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Alternative Volar Fixation for Distal Radius Fractures
Kirk A Kaiser, MD1, Cody A Kaiser, MSIV2, Mikeala Rice, MSIV2 and Thomas J Christensen, MD1, (1)Reno Orthopedic Clinic, Reno, NV, (2)University of Nevada, Reno, NV

Introduction:

Increasing distal radius fracture fixation has led to an increase in more distal placement of standard distal radius plates. Many designs are limited to the watershed line. Plates pushed distally create a higher grade Soong classification and possible increases in plate removal or tendon rupture. Plates positioned appropriately may not provide adequate fixation for more distal fractures. We report on an alternative fixation that could be used for fractures beyond the watershed line.

Materials and Methods:

We retrospectively reviewed 153 fractures that were treated with 2 fragment specific hook plates (Trimed). The fractures were type A or B fractures with a split in the coronal plane. The x-rays were reviewed at first post-operative visit and last documented clinic follow-up. X-ray measurements included dorsal tilt, radial inclination, and ulnar length. Quick Dash scores were obtained through phone call and email follow up.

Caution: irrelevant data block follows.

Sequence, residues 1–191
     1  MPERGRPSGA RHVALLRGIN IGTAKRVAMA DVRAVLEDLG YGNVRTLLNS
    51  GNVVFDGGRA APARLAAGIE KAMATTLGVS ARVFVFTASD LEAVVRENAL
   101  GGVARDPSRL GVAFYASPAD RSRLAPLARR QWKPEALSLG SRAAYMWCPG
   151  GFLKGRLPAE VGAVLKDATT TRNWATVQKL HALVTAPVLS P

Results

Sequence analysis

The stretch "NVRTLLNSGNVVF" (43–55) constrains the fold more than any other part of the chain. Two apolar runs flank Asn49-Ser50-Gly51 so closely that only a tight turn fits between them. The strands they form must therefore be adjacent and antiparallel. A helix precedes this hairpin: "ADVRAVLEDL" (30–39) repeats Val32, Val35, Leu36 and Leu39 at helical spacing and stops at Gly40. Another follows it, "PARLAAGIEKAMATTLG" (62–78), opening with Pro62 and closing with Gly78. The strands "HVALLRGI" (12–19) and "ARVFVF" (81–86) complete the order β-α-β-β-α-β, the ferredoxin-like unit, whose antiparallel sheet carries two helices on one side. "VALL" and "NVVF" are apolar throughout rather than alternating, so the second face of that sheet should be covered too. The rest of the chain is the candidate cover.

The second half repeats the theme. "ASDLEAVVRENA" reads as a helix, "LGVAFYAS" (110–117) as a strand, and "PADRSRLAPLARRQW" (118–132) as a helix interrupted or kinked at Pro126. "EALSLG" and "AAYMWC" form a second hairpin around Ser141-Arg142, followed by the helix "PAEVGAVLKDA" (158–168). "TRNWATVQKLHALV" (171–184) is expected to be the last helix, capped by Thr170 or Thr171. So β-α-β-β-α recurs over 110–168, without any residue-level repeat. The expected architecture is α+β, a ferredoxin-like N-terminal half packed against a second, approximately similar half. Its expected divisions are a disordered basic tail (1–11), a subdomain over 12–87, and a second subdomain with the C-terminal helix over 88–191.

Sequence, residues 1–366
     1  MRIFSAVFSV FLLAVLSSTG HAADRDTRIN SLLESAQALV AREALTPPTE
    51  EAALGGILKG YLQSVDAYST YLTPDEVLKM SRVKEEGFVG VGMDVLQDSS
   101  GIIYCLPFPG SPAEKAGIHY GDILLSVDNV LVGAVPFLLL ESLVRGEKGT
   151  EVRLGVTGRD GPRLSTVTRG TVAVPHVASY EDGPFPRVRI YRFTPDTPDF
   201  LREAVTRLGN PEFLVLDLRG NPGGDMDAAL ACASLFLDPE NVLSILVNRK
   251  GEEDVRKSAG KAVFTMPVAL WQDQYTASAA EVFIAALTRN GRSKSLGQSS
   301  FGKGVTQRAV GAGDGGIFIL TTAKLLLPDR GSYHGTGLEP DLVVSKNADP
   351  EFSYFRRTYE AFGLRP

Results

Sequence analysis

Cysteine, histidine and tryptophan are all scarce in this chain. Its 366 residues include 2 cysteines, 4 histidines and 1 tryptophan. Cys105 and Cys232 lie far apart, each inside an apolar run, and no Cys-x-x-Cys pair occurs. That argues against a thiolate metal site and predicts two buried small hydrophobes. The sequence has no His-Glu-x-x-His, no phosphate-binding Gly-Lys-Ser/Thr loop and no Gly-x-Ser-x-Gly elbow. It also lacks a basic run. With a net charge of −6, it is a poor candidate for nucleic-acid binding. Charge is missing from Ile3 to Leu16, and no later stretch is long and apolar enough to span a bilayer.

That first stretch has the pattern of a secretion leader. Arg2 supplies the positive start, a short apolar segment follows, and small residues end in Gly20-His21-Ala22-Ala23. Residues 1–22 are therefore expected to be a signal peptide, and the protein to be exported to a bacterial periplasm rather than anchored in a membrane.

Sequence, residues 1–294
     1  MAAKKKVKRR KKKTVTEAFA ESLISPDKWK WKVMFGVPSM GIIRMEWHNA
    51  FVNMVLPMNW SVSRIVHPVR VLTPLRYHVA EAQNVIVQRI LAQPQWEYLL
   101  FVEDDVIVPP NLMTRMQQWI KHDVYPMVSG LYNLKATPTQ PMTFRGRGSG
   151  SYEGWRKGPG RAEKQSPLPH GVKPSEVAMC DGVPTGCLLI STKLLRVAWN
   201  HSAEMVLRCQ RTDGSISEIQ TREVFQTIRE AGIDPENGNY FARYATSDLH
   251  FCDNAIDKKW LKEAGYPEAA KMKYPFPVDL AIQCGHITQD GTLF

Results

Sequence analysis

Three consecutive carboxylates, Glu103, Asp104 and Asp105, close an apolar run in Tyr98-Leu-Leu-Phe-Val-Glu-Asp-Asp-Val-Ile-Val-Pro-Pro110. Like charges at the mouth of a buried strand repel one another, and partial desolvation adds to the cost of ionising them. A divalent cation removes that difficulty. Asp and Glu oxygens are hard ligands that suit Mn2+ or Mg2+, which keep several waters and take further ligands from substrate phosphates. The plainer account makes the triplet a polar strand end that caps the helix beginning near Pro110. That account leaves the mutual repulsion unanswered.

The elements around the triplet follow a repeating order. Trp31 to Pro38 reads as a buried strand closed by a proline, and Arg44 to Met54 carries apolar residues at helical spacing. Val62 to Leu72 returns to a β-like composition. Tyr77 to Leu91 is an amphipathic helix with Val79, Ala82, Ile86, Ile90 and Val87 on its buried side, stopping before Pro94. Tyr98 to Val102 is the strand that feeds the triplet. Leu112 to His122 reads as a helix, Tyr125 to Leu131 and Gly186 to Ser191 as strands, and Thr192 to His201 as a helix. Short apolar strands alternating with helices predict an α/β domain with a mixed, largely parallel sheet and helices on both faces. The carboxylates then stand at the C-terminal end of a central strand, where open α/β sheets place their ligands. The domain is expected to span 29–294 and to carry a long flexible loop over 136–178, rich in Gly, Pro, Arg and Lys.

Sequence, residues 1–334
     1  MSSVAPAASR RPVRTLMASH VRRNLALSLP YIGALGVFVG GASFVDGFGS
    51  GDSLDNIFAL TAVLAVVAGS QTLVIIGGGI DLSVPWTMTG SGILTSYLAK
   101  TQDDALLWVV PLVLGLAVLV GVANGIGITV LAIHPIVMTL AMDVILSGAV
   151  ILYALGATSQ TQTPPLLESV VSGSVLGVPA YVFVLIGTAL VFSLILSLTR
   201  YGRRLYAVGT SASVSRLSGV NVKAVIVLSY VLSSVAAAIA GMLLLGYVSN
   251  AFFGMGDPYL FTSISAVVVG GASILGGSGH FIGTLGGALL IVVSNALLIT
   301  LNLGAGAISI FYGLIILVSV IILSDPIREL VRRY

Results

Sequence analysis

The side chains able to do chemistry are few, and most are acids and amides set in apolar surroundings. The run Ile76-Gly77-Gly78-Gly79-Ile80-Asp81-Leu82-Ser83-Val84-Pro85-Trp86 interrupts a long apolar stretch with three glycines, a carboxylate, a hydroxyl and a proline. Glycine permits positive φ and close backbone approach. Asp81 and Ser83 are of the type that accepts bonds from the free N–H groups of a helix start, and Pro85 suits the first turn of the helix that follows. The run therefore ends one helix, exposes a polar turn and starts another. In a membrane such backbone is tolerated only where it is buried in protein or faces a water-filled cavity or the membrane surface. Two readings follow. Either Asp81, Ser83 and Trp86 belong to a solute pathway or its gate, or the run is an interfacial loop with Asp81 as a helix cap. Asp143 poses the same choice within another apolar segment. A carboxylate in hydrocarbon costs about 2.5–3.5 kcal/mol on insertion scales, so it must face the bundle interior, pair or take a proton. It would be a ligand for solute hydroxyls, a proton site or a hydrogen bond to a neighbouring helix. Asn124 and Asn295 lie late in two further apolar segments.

Results:

X-ray evaluation didn't seem to change significantly from first and last postop visits. Average between follow-up was 110 days. X-ray measurements were radial inclination 20 degrees, ulnar positive variance of 1mm, and dorsal tilt of +5 degrees. 49 patients were contacted (average 38 months postop) and Quick Dash scores (average 11.6) obtained.

Conclusion:

With internal fixation of distal radius fractures, the watershed line is an important anatomic landmark in the technique of standard plate fixation. However, the fracture and patient anatomy often dictate the most appropriate fixation method. Both plate design and Soong classification may increase tendon irritation and eventual rupture. We present an alternative volar fixation method that provided acceptable results in patients with fracture patterns that may not be amenable to standard plate fixation.

1st Postop

Last Postop

Radial Inclination

19.90

SD: 4.46

20.21

SD: 4.84

Ulnar Variance

+0.9 mm

SD: 2.2 mm

+1 mm

SD: 2.1 mm

Dorsal Tilt

+5.67

SD: 7.04

+4.72

SD: 7.33

Average Time Between 1st and Last Postop X-rays: 110 days

Complications

Surgical:

None

Patient Reported

3- Bad Scar

2- Pain

1- Thumb Pain

1- Hand shakes

2- Unreported

No reported tendon ruptures

n = 153 class A & B distal radius fractures

Fixation

2 Short = 91

2 Long = 30

1 of each = 32

K-wire supplementation = 21

Number of patients with plates removed

9

5 plates removed while removing other hardware

4 plates removed for pain/stiffness

Quick Dash Survey

49 responses - Average 38 months post-op

Average Quick Dash Score

11.60




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